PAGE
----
Copy Conundrum

Instead of alleging secondary liability, the TV and movie companies claimed Cablevision's RS-DVR would directly infringe by making unauthorized
copies of their works when it recorded the show. The 2nd Circuit, however, held that a party can be liable for direct infringement only if its "volitional conduct" created the copy. And in this case, Cablevision's
customers, not Cablevision, would be the ones consciously choosing to record the programs. Cablevision's system would merely--and automatically--carry out the customers' instructions.

The court concluded that Cablevision could not be directly liable for these RS-DVR recordings any more than Sony could be directly liable for the recordings Betamax users made.

"In the case of a VCR, it seems clear ... that the operator of the VCR, the person who actually presses the button to make the recording, supplies the necessary element of volition, not the person who manufactures ... the machine," the court said. "We do not believe that an RS-DVR customer is sufficiently distinguishable from a VCR user to impose liability as a direct infringer on a different party for copies that are made automatically upon that customer's command."

Cablevision's RS-DVR, however, also would make certain copies without instructions from customers. A series of buffers would record all content
sent to Cablevision for retransmission
to its customers. If a customer requested to record any of this content, the data would be copied from the buffer onto a server's hard drive. The TV and movie companies alleged that the buffer copies directly infringed their works. The 2nd Circuit held
otherwise. The court ruled that, under the Copyright Act, these buffer copies were not actually copies.


Limiting Risk

The Copyright Act defines "copies" as "material objects ... in which a work is fixed." The statute goes on to state that a work is "fixed" in a tangible medium only if this embodiment lasts "for a period of more than transitory duration."

The buffer copies at issue existed no more than 1.2 seconds. Such temporary reproductions, the court held, were too fleeting to be considered "copies" under the Copyright Act.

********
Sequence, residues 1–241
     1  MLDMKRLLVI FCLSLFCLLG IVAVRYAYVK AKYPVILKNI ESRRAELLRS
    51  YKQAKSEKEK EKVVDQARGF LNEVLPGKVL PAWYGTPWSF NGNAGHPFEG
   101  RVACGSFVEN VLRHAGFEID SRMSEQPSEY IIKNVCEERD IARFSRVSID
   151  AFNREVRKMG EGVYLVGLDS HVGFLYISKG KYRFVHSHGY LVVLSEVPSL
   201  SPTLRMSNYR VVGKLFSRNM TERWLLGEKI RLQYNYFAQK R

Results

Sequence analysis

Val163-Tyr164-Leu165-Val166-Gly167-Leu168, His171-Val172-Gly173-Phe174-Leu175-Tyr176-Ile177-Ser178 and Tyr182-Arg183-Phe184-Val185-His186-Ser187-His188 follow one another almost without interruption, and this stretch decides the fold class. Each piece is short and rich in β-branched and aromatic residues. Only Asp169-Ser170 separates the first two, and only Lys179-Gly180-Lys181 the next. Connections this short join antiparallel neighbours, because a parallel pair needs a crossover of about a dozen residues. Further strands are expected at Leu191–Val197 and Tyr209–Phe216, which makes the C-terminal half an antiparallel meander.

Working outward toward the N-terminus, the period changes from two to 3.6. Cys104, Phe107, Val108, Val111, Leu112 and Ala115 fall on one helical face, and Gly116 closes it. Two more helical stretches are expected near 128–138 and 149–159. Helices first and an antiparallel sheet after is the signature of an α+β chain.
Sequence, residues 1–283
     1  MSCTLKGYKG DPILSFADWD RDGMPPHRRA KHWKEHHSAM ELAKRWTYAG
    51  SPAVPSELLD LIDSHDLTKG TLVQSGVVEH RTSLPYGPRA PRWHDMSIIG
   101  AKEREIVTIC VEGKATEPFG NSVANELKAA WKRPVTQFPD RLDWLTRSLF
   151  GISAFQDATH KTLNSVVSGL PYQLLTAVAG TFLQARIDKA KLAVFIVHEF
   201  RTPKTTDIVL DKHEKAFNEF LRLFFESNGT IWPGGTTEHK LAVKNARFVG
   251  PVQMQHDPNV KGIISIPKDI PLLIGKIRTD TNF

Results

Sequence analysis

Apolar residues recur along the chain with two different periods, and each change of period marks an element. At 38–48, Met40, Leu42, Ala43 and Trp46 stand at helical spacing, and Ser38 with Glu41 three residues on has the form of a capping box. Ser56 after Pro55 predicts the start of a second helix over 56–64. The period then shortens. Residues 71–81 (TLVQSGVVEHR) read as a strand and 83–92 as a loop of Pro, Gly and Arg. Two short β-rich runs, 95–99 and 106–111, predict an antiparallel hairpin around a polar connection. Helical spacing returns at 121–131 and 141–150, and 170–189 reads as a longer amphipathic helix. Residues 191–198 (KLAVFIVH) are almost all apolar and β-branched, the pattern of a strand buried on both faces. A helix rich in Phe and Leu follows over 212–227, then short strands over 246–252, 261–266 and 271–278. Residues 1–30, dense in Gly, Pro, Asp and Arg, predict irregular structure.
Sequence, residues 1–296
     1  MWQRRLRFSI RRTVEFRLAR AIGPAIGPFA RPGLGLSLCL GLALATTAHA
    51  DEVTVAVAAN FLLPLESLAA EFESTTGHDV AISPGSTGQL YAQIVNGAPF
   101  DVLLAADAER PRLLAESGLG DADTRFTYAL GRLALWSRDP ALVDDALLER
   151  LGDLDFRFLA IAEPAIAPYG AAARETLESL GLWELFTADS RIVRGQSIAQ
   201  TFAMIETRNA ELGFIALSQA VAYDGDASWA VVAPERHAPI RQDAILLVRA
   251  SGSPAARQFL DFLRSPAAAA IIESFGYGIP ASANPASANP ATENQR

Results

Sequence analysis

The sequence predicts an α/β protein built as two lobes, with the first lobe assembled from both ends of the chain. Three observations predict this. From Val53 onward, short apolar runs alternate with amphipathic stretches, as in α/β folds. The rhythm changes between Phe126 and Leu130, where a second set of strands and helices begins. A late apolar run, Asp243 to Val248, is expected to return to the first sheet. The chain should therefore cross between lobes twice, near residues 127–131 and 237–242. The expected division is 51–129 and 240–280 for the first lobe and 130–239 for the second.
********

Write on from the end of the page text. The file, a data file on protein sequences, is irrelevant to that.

This ruling is of major importance to both technology companies and online businesses. "Virtually any kind of digital device involves some kind of temporary storage of data," Sohn says. "Any products with computing power will make brief copies as a technical consequence of their operation."

If ephemeral buffer copies could be infringing, businesses that make digital devices or provide digital services would face huge new legal risks. And this would have chilled technological innovation, according to many experts. Similarly, the 2nd Circuit's ruling on volitional conduct gives a boost to the growing trend of cloud computing (providing word processing, e-mail and other functions on remote online servers, rather than on people's desktops). By holding that a company is not a direct infringer unless it volitionally decides to make a copy, the decision decreases the risk that companies offering these new services will be held liable for infringing content posted by their customers.

Still, online and technology companies may not want to get too complacent. The 2nd Circuit's ruling establishes a strong precedent, but it is unlikely to be the last word on the subject. "This ruling just starts things off," warns Ian Saffer, a partner at Townsend, Townsend and Crew. "We'll see if other circuits follow suit."

Contributing Author

Steven Seidenberg